Why in the world would you even contemplate major abdominal surgery with all the risks involved? Its just not about the recovery. You have a much greater chance of something seriously going wrong, you could get a raging infection, you could even die. I have 2 family members that got infections in the surgical incision and they had to have the incision re-opened and it had to heal from the inside out. Talk about a long recovery and major pain. Your body was made to give birth. The first baby is always the hardest. Don't give birth laying on your back. Hire a doula. Stay up and moving around. Birth is much easier that way. It takes months to make a baby and it takes months for the body to recover but you can bet that a c-section will be a lot harder to recover from.


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answers from Pittsburgh on

I'm suprised that so many found c-sections a breeze to recover from. Mine were both difficult, even terrible. The first was an emergency. They insisted on inducing me (something else I was against) because I developed preeclampsia the last week of pregnancy. Also, I was a week past my due date and DS was estimated close to ten pounds. Thirty six hours later I was only at 7, in extreme pain, and sick from a bad reaction to the epidural. It did not work to relieve my pain, but almost shut down my breathing. One of the nurses dislodged my cathedar about 20 hours in and it never felt right again. I wasn't allowed to get up because of the nausiating anti-seziure meds being dripped into my arm. Both arms were bruised from shoulder to elbow from the BP cuff attatched to me for the duration. When the doctor took me for the surgery, I was ready.
They gave me a spinal since the epidural failed, but it WORE OFF during the surgery. The first cuts were numb, then suddenly I felt it. I screamed and writhed in pain as a nurse pressed a gas mask into my face to knock me out. I stayed awake but was spaced out. They left my cathedar in for more than 36 hours after that to allow me to remain in bed. I still nursed my son, and was able to hold him in bed next to me. The pain was almost beyond words. I felt like I had been severed in half at the waist. They kept me in the hospital for 5 days after the birth and gave me 2 percoset every 4 hours with Ibuprofen every 6 hours. The sent me home with a script for more than 30 pills, which I took. My mother took a week off work to stay with us. I could hardly walk. I remeber holding the handle in the car, gritting my teeth in agony over every swerve and bump. Same car experience for DS two week appt. I slept on the couch because the movement in the bed with hubby hurt, and I was afraid he would bump me. I could not watch anything about hospitals on t.v. for a time and cried a lot. I told you the whole lead up to be clear that the csection followed a sick, stressful labor.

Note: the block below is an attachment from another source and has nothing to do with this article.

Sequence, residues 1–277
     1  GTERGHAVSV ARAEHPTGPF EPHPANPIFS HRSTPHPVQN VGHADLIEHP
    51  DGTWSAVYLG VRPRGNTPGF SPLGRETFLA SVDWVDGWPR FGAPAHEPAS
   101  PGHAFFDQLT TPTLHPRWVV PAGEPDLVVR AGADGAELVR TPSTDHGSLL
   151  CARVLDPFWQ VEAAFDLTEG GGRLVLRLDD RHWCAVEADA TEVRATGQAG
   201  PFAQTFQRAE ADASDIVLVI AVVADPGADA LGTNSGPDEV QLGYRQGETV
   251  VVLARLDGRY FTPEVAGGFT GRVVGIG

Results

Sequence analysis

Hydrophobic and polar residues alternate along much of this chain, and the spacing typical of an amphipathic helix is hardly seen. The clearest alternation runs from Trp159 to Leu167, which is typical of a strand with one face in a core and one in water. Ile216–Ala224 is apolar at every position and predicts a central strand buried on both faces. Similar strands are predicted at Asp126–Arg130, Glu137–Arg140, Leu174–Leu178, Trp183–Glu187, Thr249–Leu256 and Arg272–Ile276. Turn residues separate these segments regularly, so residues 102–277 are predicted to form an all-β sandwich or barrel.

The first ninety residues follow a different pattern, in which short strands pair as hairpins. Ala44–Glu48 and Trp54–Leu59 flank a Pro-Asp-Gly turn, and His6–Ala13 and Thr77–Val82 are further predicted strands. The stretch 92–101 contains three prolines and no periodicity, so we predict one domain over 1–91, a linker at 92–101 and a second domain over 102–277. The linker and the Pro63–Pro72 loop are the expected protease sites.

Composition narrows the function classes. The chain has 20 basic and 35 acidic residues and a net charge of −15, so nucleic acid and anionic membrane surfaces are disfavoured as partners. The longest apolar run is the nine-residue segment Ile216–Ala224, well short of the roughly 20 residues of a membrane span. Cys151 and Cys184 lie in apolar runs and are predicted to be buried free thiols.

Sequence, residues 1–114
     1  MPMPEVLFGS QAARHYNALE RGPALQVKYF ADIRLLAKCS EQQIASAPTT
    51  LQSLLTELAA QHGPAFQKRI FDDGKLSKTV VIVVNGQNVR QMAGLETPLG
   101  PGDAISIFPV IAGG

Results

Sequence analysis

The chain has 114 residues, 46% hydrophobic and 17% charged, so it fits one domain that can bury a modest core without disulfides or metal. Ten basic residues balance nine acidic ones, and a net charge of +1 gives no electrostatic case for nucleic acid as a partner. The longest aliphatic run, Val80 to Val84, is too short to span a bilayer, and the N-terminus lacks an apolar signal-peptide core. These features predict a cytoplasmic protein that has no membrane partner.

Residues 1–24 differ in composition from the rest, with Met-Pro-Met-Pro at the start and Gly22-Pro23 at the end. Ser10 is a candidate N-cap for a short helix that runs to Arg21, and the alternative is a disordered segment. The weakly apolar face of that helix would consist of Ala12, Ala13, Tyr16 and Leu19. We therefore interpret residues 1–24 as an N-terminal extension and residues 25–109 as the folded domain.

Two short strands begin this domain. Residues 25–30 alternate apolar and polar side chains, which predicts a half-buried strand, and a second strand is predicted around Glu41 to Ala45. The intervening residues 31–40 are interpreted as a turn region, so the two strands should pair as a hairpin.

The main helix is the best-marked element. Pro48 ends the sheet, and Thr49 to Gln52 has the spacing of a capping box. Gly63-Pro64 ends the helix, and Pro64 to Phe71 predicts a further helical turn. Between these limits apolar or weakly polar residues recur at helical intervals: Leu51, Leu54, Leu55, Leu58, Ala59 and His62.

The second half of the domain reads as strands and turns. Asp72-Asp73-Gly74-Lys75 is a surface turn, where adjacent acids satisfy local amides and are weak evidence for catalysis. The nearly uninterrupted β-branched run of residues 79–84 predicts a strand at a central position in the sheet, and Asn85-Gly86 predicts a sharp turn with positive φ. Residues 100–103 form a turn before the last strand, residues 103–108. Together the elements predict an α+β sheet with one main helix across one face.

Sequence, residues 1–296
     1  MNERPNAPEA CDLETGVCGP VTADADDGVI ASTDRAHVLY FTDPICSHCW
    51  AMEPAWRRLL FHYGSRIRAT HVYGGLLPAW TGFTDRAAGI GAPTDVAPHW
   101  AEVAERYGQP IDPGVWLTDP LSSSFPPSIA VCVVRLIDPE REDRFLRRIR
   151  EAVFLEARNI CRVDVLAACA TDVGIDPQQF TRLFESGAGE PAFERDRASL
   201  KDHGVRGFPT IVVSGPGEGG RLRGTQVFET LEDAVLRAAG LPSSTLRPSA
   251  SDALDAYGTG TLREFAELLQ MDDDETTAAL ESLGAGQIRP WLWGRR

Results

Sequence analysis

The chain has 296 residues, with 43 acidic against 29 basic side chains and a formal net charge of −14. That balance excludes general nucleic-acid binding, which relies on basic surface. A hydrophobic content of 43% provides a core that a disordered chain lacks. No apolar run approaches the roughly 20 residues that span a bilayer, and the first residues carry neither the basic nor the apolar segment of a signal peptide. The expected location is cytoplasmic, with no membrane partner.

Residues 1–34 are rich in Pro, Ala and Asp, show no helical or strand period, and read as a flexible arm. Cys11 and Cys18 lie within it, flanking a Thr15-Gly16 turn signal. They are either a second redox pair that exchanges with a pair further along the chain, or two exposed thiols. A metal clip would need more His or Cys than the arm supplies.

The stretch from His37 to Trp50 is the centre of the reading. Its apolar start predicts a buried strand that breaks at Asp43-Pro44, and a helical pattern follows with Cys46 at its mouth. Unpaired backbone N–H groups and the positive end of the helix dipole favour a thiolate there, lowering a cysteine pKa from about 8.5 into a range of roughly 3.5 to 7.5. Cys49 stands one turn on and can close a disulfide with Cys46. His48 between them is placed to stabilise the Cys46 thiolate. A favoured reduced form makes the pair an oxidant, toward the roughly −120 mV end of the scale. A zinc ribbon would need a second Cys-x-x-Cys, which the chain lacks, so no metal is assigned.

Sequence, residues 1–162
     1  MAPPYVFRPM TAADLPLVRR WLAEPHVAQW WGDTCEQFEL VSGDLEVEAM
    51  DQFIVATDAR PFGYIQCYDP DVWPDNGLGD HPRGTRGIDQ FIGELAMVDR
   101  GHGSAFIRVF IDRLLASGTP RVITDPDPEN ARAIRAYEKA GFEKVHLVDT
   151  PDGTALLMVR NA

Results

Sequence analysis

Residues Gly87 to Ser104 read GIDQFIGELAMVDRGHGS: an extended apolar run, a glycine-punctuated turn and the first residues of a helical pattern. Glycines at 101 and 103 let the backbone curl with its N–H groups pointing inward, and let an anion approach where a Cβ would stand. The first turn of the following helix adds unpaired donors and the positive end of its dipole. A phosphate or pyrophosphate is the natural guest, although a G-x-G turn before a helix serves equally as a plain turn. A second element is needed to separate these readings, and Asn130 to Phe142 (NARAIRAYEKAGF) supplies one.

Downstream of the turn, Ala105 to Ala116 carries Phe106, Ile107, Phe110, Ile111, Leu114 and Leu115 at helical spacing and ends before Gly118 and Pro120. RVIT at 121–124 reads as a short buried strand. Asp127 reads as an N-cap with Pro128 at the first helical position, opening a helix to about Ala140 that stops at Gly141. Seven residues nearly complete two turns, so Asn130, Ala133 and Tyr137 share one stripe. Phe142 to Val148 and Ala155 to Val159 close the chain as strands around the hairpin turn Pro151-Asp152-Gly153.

The next doctor threatened death of the fetus to scare me into compliance for the next csection. I thought my pregnancy went pretty well, but again I went past the due date and they thought the baby may be another 10 pounder. They said my placenta may fail at this point and baby had to come out. I cried on the operating table -not convulsive hysterics, but more like a steady stream of tears and sniffing I couldn't stop. I didn't want to do it. They put an anti anxiety in my IV and proceded to stick me a good 4 times in the spine before they got the spinal in the right place. DD was 7lbs11oz. My pressure dropped so low after the surgery they had to keep me in IC for a few hours. I was so nausious and vomiting I couldn't hold my baby for a few hours. I was sick for at least another 12 hours, and the nurse gave me something that knocked me out. I was up the next day this time, and it was still very painful. Definitately better than the first time. I went home on day four, still taking 2 percoset every two hours. I stayed in our first floor bedroom, and the abdominal pain was manageable with Ibuprophen after two weeks. But the intense low back and leg pain from the nerve damage caused by the spinal was not better. I had a terrible limp and was hardly mobile. It was more than six weeks before the nerves healed. I have a barely visible scar, but there is a roll of scar tissue that creates a sort of shelf above it. It feels achey/sore there at different times of the month.